Rooting through the charred remains of Liverpool’s 7-2 defeat to Aston Villa in search of positives is an entirely difficult pursuit.
To concede seven goals — and, on balance, it could have been even more — away to a team who just about managed to survive in the Premier League last season was arguably the Reds’ worst result in Premier League history. Yes, worse than the 6-1 defeat away to Stoke City in 2015.
But in the reaction to the defeat from Virgil van Dijk and Jurgen Klopp there were green shoots of positivity among the smouldering mess of a result.
Speaking to the media after the game, neither men — two of the chief architects of Liverpool’s recent success — pulled any punches when describing the teams performance and took full responsibility for the loss.
van Dijk, whose performance dipped well below his usual sky scraping standard, praised Aston Villa for their showing, but admitted the Reds were poor from the very off.
“It’s hard to lose the way we lost tonight. First and foremost well done to Aston Villa, we have to give them the credit they deserve. It was one of those performances where we weren’t 100% at it from start to finish,” said the defender.
Harking back to Roy Keane’s comments about Liverpool being sloppy in last weeks defeat of Arsenal, Klopp admitted that his team were not only sloppy but bad.
“We lost the plot. Last week, Mr (Roy) Keane said we were sloppy. Tonight we were not sloppy, we were just bad. We have to admit that. I would love to have a training session tomorrow morning and Tuesday and speak about the things and work on it. But the boys go to the national team so I hope they all come back healthy,” the German told Sky Sports.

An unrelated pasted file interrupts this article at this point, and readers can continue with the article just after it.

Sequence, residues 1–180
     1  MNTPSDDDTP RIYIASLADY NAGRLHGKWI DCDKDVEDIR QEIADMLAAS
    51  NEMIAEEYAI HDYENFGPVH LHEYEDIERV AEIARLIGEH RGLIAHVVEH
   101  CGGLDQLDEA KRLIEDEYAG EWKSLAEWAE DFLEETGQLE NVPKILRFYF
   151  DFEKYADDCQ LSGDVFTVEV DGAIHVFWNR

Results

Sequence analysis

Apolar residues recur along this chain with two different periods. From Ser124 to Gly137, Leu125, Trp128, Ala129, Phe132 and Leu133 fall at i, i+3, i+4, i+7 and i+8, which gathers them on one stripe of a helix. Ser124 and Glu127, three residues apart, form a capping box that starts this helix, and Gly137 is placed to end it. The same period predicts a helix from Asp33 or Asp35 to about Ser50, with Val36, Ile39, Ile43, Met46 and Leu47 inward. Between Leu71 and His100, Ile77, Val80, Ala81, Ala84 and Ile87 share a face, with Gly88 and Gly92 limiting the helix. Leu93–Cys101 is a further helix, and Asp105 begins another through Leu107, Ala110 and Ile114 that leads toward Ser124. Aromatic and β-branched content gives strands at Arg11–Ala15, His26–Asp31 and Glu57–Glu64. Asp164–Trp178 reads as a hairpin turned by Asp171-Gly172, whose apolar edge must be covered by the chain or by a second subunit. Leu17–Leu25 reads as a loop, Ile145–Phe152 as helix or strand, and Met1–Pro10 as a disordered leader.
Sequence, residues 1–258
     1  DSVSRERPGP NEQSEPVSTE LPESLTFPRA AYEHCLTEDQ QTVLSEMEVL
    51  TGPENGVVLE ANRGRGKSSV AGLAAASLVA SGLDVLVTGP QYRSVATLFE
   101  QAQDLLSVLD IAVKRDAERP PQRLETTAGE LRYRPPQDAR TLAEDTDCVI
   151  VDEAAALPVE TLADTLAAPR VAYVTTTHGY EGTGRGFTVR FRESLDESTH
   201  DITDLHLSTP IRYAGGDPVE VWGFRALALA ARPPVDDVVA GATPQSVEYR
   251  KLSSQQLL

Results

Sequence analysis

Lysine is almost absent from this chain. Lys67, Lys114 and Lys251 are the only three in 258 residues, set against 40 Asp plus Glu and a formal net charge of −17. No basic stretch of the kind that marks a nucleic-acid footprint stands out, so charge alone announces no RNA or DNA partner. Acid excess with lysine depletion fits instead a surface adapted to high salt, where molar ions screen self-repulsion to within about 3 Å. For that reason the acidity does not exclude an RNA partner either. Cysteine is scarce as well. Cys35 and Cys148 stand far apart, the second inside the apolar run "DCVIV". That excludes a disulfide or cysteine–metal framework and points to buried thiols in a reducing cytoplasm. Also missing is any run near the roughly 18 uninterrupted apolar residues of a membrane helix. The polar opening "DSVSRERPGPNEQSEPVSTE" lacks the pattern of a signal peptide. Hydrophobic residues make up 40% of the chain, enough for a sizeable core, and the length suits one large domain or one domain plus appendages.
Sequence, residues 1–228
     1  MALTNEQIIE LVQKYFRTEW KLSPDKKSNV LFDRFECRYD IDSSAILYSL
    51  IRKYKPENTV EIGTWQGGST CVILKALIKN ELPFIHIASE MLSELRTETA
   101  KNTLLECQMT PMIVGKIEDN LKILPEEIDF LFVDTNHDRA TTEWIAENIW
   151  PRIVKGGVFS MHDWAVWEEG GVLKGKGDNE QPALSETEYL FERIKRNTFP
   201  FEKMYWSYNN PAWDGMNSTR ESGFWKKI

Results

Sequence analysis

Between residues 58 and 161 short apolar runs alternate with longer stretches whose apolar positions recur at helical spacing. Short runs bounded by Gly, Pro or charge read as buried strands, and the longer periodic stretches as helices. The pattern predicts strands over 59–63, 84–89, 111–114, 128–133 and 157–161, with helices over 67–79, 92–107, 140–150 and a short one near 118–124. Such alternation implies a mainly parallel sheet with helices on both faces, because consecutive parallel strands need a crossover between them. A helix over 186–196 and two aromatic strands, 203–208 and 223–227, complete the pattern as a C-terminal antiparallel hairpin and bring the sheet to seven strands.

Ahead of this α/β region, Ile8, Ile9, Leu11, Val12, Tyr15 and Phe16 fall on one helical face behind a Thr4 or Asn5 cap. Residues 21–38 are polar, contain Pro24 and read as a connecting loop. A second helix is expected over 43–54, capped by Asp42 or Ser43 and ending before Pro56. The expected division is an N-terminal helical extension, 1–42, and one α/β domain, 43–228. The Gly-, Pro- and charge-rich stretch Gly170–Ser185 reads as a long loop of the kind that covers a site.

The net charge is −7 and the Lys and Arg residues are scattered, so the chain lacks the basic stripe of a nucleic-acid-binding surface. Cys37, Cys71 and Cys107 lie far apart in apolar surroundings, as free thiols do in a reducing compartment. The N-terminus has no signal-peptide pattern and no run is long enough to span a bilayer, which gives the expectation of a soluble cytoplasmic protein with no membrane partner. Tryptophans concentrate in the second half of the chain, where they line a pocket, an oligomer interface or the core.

Contrast the reaction from the Champions to their heavy defeat to that of the Manchester City players to their 5-2 reversal at home to Leicester City last weekend and you see a massive chasm in the class and respect shown to opponents.
Rodri, the Spanish midfielder, personified this fragile mentality when he spoke to Sky Sports after the Foxes win.
“Football has not been fair with us,” he said. “We deserved many things. We played, we tried. Only with a few things they come here, do two or three things and beat us. I don’t know if it’s our fault or their strength.
“For me, the learning from this match is to score one goal then do a hundred passes at the back – that’s it, then game over. But we try and go for the second, the third, that makes us lose balls and concede,” the former Atletico Madrid player said.
“For me, they’re lucky. With two or three things they win this game. It’s OK and we have to congratulate them, but it’s not the way I like to play.”
Liverpool’s mentality — in stark contrast to that displayed at The Etihad — would fill you with optimism that the Villa defeat was a freak, a once-0ff and that the players, jolted into a reaction, will react appropriately.
After all, this is the bones of a squad who have dealt with adversity brilliant in the last two seasons.
After losing the 2018 Champions League final in the most heartbreaking fashion, Liverpool — boosted by the arrivals of Alisson and Fabinho — went one better the next season and won the European Cup in 2019.
In the 2018/2019, Premier League campaign, the Reds — despite registering the third-highest points total in English football history — lost out on the title by one point to Manchester City.
Such a scenario could derail many teams, causing them to mentally fall apart, but Liverpool — even with Adrian arriving as the only senior signing that summer — are made of sterner stuff and they romped home to their first title in 30 years, winning the league by a huge margin.